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Dutch report Dutch report
by Euro Reporter
2012-01-09 11:16:30
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Lawmaker urges Dutch to apologize for WWII Jewish deportations

Outspoken Dutch lawmaker Geert Wilders called on the government Wednesday to apologize for the country's "passive" response to the mass deportations of Jews by Nazi occupiers during World War II. The move is likely to re-ignite debate about Dutch attitudes to the wartime persecution of the country's Jewish population. Of the 140,000 Jews who lived in the Netherlands before the war, more than 100,000 were deported and murdered. About 30,000 Jews live here now, out of a total population of nearly 17 million. Wilders is best known for his strident criticism of Islam and also is a strong supporter of Israel.

He wrote to Prime Minister Mark Rutte on Wednesday asking if he would apologize based on comments by two former government ministers in a recently published book about post-war reparations to Jews. Spokesman Chris Breedveld said the government would carefully study and respond to Wilders' questions. One of the former ministers, Els Borst, says in an interview for the book, "Judging the Netherlands" by Manfred Gerstenfeld, that she believes the response by the Dutch wartime government in exile would have been tougher had Nazis been deporting Catholics or Protestants. Borst, who as health minister was involved in negotiations in the 1990s on reparations for Jews, said wartime prime minister Pieter Sjoerds Gerbrandy and Queen Wilhelmina should have appealed from their administration in exile in London for Dutch people to do more to protect Jews.

"The government's stance shows that they, along with many others, saw Jewish Dutch citizens as a special group and thought: 'We have real Dutch people and we have Jewish Dutch people,"' Borst said in an interview, a copy of which author Gerstenfeld emailed to The Associated Press. Wilders said he was shocked by the comments. "It would be fitting if the government were at least to offer its apologies," Wilders said in a statement. Gerrit Zalm, a former finance minister who also played a prominent role in restitution negotiations in the 1990s, said he also would support calls for a formal apology. "I would not have had a problem with apologizing" at the end of the restitution process, Zalm told Gerstenfeld for his book. Zalm added that if a Jewish umbrella organization in the Netherlands were to bring up the issue of an apology again, "I would publicly support it."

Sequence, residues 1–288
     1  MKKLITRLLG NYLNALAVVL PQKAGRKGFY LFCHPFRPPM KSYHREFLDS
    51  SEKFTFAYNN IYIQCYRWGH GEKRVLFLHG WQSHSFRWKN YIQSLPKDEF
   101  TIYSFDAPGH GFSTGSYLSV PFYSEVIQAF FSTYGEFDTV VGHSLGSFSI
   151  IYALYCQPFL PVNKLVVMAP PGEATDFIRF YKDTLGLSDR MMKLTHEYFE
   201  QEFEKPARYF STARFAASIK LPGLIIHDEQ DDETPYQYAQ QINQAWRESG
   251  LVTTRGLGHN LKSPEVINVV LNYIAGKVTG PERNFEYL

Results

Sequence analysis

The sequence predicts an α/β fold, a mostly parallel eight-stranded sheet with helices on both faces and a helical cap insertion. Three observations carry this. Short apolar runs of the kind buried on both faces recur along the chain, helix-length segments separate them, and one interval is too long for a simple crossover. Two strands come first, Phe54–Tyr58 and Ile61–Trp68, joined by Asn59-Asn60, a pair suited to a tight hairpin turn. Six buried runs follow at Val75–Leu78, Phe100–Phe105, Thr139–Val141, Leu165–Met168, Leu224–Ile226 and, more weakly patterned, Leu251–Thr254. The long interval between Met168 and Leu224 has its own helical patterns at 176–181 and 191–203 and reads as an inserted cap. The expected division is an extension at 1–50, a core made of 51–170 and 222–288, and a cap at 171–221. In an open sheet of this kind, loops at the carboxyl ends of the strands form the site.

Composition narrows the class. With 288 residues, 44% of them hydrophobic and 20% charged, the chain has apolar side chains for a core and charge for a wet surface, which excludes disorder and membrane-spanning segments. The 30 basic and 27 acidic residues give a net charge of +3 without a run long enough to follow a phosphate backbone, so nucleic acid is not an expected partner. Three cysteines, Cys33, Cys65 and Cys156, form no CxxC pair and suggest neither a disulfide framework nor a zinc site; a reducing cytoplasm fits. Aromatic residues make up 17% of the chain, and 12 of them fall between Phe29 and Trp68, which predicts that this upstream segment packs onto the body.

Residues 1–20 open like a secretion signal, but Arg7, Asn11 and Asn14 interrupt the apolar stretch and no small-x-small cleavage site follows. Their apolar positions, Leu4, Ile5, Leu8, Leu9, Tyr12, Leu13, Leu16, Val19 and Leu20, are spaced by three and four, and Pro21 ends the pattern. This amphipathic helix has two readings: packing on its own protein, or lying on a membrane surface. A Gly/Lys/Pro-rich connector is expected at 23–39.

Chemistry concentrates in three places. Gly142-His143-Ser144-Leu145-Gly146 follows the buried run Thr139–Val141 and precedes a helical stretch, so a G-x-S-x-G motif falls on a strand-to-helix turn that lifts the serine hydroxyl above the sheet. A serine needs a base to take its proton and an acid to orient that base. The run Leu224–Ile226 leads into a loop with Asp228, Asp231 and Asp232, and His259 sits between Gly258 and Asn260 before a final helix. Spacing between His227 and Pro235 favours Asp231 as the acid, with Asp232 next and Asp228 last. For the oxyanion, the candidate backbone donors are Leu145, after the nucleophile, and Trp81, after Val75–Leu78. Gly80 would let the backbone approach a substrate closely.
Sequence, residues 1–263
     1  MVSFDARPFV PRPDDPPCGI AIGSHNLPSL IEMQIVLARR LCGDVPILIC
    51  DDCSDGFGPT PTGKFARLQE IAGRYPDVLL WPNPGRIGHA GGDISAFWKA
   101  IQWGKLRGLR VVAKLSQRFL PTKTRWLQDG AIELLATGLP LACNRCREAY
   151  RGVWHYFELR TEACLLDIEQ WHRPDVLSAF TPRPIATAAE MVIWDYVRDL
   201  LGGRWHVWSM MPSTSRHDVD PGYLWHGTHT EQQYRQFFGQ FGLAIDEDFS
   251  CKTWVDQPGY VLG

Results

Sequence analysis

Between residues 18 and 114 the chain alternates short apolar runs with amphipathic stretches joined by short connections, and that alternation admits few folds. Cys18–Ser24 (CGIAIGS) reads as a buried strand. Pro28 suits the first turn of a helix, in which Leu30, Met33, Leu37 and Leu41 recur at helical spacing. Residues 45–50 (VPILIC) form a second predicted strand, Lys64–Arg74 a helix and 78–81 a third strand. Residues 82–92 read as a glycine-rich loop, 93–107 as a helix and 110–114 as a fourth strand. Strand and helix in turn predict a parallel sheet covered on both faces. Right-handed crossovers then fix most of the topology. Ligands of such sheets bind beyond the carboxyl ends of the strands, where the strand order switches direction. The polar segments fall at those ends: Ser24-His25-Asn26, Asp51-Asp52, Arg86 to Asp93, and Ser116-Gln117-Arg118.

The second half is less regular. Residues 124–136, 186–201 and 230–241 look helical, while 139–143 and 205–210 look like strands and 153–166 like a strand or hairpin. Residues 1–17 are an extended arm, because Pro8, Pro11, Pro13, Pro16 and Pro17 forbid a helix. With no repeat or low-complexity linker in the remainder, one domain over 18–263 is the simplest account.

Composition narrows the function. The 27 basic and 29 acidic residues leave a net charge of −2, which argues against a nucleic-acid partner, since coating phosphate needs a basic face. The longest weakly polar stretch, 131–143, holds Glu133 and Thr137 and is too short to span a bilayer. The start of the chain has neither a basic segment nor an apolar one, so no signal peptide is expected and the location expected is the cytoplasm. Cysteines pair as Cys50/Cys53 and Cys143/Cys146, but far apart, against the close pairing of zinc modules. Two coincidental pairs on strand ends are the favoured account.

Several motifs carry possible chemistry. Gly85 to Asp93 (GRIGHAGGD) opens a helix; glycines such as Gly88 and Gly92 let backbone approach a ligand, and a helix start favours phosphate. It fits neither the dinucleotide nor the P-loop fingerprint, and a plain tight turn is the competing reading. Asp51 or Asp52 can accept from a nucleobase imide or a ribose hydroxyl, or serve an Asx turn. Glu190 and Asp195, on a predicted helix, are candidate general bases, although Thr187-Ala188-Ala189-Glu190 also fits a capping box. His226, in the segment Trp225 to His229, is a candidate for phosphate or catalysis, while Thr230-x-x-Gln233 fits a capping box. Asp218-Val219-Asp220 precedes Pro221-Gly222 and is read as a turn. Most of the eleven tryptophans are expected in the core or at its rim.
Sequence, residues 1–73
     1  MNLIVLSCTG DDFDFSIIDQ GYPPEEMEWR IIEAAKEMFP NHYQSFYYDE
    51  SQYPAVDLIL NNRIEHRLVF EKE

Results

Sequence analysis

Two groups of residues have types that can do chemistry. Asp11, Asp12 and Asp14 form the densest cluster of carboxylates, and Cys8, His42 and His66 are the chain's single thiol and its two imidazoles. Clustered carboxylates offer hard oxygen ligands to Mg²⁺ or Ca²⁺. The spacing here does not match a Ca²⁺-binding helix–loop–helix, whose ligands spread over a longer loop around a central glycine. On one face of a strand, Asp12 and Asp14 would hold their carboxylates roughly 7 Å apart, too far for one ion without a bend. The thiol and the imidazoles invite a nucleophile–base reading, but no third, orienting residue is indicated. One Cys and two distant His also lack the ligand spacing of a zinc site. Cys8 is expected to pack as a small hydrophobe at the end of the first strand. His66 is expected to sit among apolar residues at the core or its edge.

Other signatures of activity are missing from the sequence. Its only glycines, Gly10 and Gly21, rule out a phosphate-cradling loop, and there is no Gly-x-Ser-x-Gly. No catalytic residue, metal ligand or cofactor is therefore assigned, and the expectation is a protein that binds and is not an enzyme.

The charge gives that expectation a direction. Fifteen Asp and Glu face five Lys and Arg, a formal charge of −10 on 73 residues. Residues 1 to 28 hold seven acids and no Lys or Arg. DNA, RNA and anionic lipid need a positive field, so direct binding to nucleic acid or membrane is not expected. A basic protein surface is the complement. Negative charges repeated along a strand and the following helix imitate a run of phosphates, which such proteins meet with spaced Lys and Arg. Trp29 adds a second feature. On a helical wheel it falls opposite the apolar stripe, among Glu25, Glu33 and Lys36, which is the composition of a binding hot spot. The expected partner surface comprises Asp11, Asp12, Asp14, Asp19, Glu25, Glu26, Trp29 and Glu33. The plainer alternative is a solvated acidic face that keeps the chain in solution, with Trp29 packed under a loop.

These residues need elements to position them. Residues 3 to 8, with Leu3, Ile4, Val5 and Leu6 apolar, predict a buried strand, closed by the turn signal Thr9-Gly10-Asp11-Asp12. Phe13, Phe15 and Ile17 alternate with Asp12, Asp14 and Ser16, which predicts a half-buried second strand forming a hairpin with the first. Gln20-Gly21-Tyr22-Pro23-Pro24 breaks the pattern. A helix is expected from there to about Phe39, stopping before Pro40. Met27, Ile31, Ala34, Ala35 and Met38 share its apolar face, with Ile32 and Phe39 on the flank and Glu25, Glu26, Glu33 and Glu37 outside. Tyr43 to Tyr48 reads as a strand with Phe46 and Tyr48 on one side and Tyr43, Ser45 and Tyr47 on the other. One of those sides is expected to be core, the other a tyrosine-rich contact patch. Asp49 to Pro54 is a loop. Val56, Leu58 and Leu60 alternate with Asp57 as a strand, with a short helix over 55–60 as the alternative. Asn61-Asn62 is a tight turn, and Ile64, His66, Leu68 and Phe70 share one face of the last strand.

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Netherlands stops tourists buying marijuana in coffee shops


Foreigners travelling to the Netherlands will be barred from buying marijuana in so-called coffee shops next year, a move that could hurt tourism to the capital, Amsterdam. “There will be an end to the open-door policy,” Justice Minister Ivo Opstelten said in a letter to lawmakers today. “Stricter rules will make coffee shops smaller, better controllable and reduce the attractiveness of Dutch drug policy for foreign users.” The Netherlands decriminalized the use of marijuana in 1976, stopping short of legalizing the drug because international treaties prohibited it from doing so. The country’s first coffee shop, named after Donovan’s song “Mellow Yellow,” opened its doors four years earlier.